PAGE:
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View Diary: Katrina Victims: What's Your Proposal To Help Them? (124 comments)

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  •  no offense.... (none)
    ... but what about cities did nature intend?  I agree that nature provides humans certain features that make the location of certain cities "natural."  But what is the natural location for a city???  This is changing constantly.  Cities are defined by their times.  My recollection is that New Orleans started off as a fur trading post because of it's location at the mouth of the Mississippi.    

    What about San Francisco, LA, Hawaii... low lying areas along our major rivers.  Would you say no to rebuilding in those places also?

    I say rebuild NOLA and put a ton of investment in the levee system.  You can't abandon a whole city... and the cost to relocate would far outstrip the cost to rebuild.

     

    If Rove concealed the fact that he was a leaker from the President, why hasn't the President fired him?

    by wintersnowman on Tue Aug 30, 2005 at 08:36:17 PM PDT

    [ Parent ]

    •  Exactly, The Netherlands would ... (none)
      ...have to give up a third of its land if it gave up levees.

      "The President wanted to go into Iraq in the worst possible way. And he did." -- Nancy Pelosi

      by Meteor Blades on Tue Aug 30, 2005 at 08:37:20 PM PDT

      [ Parent ]

      •  True (none)
        but the Dutch were forced to reclaim land because, they have an acute land shortage in their country.  We have plenty of land in this country.  Even in the Netherlands until the closing of the Zuidersee in the 60's the country was regularly inundated by massive floods.  Does it make since to make the investment needed to protect a rebuilt New Orleans, when there is plenty of other locations to build that are better suited to house a city?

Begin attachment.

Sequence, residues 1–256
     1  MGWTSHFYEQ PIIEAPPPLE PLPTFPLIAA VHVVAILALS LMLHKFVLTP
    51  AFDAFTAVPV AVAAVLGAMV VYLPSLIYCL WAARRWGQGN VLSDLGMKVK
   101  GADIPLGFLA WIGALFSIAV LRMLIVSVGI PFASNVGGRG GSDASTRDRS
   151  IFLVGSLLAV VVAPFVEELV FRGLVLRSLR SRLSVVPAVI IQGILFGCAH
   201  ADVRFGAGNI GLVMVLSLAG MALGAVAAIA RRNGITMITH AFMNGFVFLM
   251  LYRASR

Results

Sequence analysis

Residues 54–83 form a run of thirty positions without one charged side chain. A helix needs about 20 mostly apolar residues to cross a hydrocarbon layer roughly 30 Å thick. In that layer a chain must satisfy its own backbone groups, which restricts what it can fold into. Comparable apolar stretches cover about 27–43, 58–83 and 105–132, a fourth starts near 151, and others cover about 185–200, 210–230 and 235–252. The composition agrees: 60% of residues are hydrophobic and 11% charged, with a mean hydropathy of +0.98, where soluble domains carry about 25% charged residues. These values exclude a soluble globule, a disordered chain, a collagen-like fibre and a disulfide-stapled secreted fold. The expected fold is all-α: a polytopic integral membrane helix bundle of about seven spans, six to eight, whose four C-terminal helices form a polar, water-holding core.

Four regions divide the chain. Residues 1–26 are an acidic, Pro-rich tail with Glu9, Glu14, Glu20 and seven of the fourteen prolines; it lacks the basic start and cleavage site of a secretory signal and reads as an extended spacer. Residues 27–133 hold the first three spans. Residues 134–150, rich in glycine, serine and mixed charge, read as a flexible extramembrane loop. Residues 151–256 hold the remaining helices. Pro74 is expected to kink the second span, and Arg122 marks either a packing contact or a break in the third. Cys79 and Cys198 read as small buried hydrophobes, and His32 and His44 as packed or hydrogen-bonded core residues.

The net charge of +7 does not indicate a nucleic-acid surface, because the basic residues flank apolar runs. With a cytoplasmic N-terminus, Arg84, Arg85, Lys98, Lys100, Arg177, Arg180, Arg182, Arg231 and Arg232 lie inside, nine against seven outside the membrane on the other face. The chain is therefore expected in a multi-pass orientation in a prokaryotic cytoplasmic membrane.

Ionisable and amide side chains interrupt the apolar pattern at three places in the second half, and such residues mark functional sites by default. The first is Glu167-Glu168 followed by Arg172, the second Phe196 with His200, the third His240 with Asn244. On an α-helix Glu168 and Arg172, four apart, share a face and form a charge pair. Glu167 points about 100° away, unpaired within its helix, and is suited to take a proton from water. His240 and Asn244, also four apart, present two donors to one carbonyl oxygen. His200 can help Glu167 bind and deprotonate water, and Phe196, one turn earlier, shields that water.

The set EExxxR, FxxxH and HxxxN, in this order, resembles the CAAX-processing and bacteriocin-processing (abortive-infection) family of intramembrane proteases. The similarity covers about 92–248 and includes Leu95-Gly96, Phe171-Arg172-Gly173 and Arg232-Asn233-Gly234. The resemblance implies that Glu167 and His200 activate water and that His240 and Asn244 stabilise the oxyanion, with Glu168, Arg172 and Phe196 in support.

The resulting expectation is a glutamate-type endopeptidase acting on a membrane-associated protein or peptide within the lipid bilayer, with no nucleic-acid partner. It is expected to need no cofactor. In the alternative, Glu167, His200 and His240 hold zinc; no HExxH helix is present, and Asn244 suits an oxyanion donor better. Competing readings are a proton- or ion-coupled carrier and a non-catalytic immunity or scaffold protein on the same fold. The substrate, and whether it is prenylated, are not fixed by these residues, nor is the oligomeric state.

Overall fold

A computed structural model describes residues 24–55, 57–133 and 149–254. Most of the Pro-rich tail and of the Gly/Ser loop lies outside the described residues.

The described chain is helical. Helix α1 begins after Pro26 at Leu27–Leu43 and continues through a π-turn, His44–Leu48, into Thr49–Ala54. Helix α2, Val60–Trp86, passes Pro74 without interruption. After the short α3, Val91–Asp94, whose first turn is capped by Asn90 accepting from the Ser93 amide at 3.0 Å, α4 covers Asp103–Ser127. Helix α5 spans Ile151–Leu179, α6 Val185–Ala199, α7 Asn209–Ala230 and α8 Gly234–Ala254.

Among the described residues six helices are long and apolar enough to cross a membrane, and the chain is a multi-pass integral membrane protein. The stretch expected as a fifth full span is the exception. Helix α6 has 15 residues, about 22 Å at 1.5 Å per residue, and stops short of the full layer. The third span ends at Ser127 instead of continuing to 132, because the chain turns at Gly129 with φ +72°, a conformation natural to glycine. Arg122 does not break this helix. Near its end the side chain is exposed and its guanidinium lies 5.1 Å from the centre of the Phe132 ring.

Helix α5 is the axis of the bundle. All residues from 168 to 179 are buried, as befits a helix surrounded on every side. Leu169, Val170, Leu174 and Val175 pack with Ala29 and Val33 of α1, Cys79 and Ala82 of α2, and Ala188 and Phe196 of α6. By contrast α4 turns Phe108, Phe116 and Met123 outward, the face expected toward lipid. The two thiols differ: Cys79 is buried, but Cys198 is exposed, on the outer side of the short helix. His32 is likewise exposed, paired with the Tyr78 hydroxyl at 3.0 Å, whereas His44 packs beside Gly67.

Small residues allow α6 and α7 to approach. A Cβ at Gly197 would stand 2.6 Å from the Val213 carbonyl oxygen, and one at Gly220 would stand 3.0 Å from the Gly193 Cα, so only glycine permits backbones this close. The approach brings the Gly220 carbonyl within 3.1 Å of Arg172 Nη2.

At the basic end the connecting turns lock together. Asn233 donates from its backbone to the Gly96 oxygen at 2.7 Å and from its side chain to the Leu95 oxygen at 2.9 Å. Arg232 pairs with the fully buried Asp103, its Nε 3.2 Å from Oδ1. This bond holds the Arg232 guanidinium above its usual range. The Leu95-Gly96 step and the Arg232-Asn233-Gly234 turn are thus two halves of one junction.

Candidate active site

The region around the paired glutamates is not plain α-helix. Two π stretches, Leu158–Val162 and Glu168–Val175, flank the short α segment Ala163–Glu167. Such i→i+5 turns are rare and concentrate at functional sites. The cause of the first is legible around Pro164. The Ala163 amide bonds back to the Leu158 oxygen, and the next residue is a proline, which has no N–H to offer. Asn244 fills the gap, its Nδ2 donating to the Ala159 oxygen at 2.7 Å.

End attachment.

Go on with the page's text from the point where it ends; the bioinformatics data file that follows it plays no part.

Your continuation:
•  Relocation works... (none)
      The Mississippi River floods of 1993 also were no surprise and they lasted for months (don't even get me started about the heavy equipment that was brought INTO the areas forecasted to flood). Mississippi River floods have occurred regularly and are known, when they happen, to be exacerbated by the channelization and levee systems.

      So, from a policy report by the Environmental Defense Fund (even if you don't agree with their policy recommendations, their relocation facts here are correct):

      Since the Great Flood of 1993, the Federal Emergency Management Agency (FEMA) has acquired, relocated or elevated more than 22,000 structures, sharply reducing future disaster costs by removing many of the nation's repeatedly flooded homes, businesses and farms from harm's way. In particular, FEMA relocated approximately 12,800 homes, businesses and farms in nine states bordering the Mississippi and Missouri rivers - approximately one-out-of-seven structures damaged by the Great Flood. For the first time, repeatedly flooded homeowners opted to use federal relief to relocate their homes to higher ground - ending the cycle of rebuilding their homes in harm's way and instead launching the largest voluntary relocation in the nation's history. In Illinois and Missouri alone, 5,100 homes and businesses were relocated at a cost of $66 million. These structures which had previously received $191 million in flood insurance payments. When floodwaters returned in 1995, approximately 2,500 people flooded in 1993 were now on higher ground; disaster relief for Saint Charles County, Missouri fell from $26 million in 1993 to less than $300,000 in 1995.

      Rebuilding anywhere along Florida and the Gulf Coast should be deeply reconsidered, especially in the face of increasingly active hurricane seasons over the next decade at least. Federal money for reconstruction may be better spent (even from the perspective of people affected by the disaster) by paying for construction elsewhere. And folks should be supported for deciding to get out -- including with WPA-style programs elsewhere.

      But the idea of other posters to use bases temporarily and WPA programs for cleaning up, and then for restoring natural river and wetland funtions would be good.

      •  I thought that (none)
        some of this occurred after 1993, and I think that the rebuild of NOLA should take the saem tack.  We should be building cities on solid foundations, not sand, so to speak. I hope you don't get upset but I'm going to put up a thread so I don't hijack DHinMi's diary here, and I'm going to put this up there.
        •  Sounds fine to me (none)
          The idea isn't to downplay the tragedy that everyone is facing now, but to begin to think about how to keep these sorts of things from happening repeatedly. And engineers are beginning to realize that working with, not against, natural processes works best in long run. When an area is completely destroyed, that's the time for completely rethinking the approach.  And that goes for the entire Florida and Gulf Coasts, not just New Orleans....

          Anyway, enough of the tangent...

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